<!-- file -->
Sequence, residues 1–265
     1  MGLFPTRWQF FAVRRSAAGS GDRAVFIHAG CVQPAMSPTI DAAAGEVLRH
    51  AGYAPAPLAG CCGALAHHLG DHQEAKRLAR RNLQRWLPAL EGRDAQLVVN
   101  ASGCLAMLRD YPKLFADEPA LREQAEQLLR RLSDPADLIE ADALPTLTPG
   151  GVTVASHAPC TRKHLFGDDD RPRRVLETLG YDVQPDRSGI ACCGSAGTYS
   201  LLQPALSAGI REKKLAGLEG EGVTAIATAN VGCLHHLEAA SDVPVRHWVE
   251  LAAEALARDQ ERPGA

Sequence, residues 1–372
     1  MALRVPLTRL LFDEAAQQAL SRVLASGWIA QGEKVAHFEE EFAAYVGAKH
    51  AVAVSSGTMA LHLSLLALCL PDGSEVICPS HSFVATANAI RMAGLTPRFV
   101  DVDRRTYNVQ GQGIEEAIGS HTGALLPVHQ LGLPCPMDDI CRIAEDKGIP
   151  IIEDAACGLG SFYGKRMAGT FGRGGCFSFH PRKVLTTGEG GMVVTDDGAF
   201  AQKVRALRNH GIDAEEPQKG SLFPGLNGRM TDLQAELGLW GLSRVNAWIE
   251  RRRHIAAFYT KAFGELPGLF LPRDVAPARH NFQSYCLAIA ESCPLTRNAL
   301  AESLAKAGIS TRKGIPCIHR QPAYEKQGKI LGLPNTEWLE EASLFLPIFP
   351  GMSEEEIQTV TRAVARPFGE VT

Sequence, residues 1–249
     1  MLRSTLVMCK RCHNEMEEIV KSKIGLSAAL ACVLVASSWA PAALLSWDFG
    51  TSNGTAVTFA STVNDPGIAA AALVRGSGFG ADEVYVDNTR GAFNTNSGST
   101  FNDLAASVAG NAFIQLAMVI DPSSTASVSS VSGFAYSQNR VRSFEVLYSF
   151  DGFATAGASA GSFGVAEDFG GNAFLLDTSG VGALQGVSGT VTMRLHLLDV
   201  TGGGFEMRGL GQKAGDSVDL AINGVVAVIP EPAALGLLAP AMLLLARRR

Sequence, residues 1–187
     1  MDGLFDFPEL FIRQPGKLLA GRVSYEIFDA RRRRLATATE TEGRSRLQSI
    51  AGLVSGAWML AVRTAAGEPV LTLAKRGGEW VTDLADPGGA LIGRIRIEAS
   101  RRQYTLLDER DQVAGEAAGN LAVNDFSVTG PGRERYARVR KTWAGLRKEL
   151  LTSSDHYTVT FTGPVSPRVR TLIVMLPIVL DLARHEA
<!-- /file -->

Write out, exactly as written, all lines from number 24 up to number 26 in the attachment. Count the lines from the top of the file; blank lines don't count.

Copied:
     1  MDGLFDFPEL FIRQPGKLLA GRVSYEIFDA RRRRLATATE TEGRSRLQSI
    51  AGLVSGAWML AVRTAAGEPV LTLAKRGGEW VTDLADPGGA LIGRIRIEAS
   101  RRQYTLLDER DQVAGEAAGN LAVNDFSVTG PGRERYARVR KTWAGLRKEL